Soap: a film by Emily Ellis
|Ellis on Main Street in Wolfville|
Imagine a film where the hero is a bar of soap.Soap is wandering the streets of Wolfville looking for a job with no relevant work experience. This bar of soap sounds a little depressed.
Poor Soap terms himself the fifth of eight siblings and he loathes the idea of being a burden.
Being called slimy makes this Soap sad and he laments that even a band-aid on his heart won’t stick to his exterior. While out walking, he heads to the waterfront looking for something beautiful. The muddy bottom of the harbour somehow soothes him.
Vernon T. Smith’s statue has no answers for life’s biggest questions to share with this bar of soap, so he diverts himself with sliding at Willow Park. Then Soap sets out for the library. He adores books and allows that life between the pages is more exciting than his right now.
Emily Ellis, a multi-talented third year Acadia University student, produced the short film SOAP in its entirety. She wrote the screenplay, held the cell phone camera and wrote the poignant music.
Three bars of Ivory were used in the making of this cinematic gem, along with some dental floss and straws.
Ellis heard about the competition from her roommate who was taking a music class from Ken Shorley. She likes to take on art projects and decided to try her hand at a short film in the ‘other’ category.
Her aim was to depict her peers who have experience at university studies, but no employment history.
“I started with a vague plot line about the average person in their 20s with no expectations,” Ellis recalled.
The filming took the better part of a Saturday as she waited for cloudy conditions to lend some melancholy to Soap’s life. When Ellis couldn’t find an appropriate song, she used her childhood piano skills and played background music. A bar of soap was a useful stand-in for this petite young woman.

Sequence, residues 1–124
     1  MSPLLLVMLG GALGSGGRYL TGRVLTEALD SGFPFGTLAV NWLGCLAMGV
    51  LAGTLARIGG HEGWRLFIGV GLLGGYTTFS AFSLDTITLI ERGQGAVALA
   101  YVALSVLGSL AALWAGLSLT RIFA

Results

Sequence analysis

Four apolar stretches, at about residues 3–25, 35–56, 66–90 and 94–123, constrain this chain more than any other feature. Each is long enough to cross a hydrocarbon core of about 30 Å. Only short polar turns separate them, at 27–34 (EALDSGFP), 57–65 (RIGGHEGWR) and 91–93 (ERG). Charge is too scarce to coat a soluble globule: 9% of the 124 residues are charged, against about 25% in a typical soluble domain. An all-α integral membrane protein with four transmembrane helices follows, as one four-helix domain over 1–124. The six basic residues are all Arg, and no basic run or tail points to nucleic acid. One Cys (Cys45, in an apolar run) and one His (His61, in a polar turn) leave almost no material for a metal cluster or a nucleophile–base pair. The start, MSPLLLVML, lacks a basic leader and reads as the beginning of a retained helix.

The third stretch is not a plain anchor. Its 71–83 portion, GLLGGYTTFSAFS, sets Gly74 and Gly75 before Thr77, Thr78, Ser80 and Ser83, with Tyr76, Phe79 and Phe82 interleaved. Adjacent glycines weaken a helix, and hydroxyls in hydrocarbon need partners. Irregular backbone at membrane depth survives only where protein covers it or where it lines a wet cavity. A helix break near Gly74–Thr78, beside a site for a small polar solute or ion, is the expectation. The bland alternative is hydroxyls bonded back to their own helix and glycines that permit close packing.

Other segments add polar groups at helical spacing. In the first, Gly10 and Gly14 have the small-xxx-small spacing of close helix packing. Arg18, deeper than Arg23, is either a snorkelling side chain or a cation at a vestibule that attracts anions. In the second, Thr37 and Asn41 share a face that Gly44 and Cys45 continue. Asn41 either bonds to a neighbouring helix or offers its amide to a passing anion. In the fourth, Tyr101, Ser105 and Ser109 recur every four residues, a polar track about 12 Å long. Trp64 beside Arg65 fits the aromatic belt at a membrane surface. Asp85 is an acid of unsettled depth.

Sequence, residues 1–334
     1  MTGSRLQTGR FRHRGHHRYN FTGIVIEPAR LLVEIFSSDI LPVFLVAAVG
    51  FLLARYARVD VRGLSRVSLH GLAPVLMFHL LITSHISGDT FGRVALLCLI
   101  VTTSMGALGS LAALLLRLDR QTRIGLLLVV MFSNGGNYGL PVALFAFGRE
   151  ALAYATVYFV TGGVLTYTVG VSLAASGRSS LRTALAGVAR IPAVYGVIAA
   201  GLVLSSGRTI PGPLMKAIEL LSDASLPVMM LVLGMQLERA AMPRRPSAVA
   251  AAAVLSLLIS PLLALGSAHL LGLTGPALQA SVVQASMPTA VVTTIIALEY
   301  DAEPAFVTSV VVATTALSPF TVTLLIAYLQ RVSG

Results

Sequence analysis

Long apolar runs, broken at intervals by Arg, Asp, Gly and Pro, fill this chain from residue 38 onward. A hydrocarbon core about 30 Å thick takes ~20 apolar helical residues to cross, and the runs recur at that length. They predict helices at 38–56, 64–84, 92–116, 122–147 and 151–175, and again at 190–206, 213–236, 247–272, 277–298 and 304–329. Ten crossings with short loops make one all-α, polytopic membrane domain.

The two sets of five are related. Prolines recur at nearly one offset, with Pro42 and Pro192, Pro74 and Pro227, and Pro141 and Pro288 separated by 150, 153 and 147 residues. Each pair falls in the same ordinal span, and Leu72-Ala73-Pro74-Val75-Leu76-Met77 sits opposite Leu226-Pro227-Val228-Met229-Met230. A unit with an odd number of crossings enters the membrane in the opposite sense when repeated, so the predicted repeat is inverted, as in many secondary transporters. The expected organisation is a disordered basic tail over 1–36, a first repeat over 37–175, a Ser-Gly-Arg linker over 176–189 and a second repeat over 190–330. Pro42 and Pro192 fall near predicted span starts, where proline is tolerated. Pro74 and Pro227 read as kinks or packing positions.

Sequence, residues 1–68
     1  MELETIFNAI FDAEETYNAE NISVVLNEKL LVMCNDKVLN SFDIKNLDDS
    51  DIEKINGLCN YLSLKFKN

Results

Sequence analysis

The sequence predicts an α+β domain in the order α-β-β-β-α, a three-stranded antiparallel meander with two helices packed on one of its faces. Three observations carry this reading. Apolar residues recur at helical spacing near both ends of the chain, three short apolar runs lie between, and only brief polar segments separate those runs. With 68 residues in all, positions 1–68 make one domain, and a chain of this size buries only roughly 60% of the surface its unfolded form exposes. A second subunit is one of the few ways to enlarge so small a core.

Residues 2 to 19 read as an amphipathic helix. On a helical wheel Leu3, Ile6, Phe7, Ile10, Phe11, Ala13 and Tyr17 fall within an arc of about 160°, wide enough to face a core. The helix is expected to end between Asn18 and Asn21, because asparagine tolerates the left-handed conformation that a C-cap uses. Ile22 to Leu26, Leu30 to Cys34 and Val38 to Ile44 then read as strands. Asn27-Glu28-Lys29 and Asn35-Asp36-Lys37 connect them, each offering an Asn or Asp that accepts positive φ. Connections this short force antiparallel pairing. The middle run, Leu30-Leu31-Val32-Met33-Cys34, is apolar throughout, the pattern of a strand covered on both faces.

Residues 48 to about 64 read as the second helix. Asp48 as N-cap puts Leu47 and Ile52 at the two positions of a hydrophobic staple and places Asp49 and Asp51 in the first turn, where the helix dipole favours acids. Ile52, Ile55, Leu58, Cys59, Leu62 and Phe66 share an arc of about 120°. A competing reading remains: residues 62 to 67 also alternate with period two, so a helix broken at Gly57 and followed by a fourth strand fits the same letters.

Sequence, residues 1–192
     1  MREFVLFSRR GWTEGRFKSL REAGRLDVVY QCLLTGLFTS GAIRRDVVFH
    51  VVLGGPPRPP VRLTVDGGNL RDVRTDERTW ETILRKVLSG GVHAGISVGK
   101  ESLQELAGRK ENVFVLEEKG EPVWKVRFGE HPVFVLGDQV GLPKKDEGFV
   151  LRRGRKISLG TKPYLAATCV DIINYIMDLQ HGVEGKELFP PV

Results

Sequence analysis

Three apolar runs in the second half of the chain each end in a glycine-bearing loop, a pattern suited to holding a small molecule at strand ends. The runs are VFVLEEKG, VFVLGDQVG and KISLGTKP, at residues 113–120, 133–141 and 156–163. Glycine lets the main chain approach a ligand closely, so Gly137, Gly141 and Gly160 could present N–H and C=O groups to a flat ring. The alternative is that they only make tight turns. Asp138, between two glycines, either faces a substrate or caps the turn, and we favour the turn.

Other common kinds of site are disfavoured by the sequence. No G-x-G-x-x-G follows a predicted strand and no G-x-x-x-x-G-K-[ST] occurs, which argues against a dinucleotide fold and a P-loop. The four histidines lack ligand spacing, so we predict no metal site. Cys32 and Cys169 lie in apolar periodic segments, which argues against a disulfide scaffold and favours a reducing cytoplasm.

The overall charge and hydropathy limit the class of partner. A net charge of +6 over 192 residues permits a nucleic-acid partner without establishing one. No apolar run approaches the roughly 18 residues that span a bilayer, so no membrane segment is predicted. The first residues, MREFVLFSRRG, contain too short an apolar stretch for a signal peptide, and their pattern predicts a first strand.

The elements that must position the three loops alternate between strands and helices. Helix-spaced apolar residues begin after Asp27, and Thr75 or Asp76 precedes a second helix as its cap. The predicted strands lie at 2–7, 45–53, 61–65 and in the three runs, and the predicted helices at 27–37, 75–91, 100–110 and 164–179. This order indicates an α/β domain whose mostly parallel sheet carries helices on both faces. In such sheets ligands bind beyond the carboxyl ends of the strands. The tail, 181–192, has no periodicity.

Seeing SOAP, which she terms ‘fake deep,’ on the big screen at the Al Whittle Theatre and having family members attend was her reward, Ellis says.
Growing up in Arcola, Sask., she recalls that she and her sister, Melissa, loved to create short films without any professional equipment. They also attended films quite frequently in their hometown cinema.
Knowing what university costs, “you have to be two steps ahead to get a good job,” so Ellis wonders what she’ll end up doing as a career - just as Soap ponders his future.
“You have 30 years before you retire, you should do what you want,” she suggests.
Ellis is a member of Generation Z, also known as the iGeneration, or Post-Millennial. She and her peers became familiar with the internet as children.
|Soap applies for a job|
Challenges facing Generation Z
Ellis' generation is facing growing income gaps and a shrinking middle-class. Meanwhile new census data from Statistics Canada suggests that the quality of jobs in this country is falling, while the amount of precarious work rises. A five-year-old survey by Ameritrade found concern about student debt among this cohort and 36 per cent expressed worry about being able to afford university at all.
According to StatsCan, less than half of all Canadian workers (49.8 per cent) between the ages of 25 and 54 worked full-time, full-year jobs in 2015. The 2008-2009 financial crisis brought about social and economic changes, along with a shift from traditional to more flexible work schedules.
Meanwhile Prime Minister Justin Trudeau has been crowing about an unemployment rate of 5.7 per cent; granted that is the lowest since the Labour Force Survey began in 1976.
Not only that, Trudeau said that in 2017 Canada’s economy added 422K jobs.
“That’s the most in a year since 2002. Overall, the economy created about 700K new jobs since our government took office,” he stated.
But are they good jobs, or part time or low income jobs? Not only that, with more and more Canadians choosing to shop from home, there’s been something like a 600 per cent increase in job postings for workers to fill online customer orders last year.
Opportunities for machine-learning engineers, family doctors, technical recruiters and manufacturing technician jobs have been deemed by Huffington Post as the industries to go into.
No wonder Soap is worried. He is not alone amongst Generation Z wondering what the future will bring.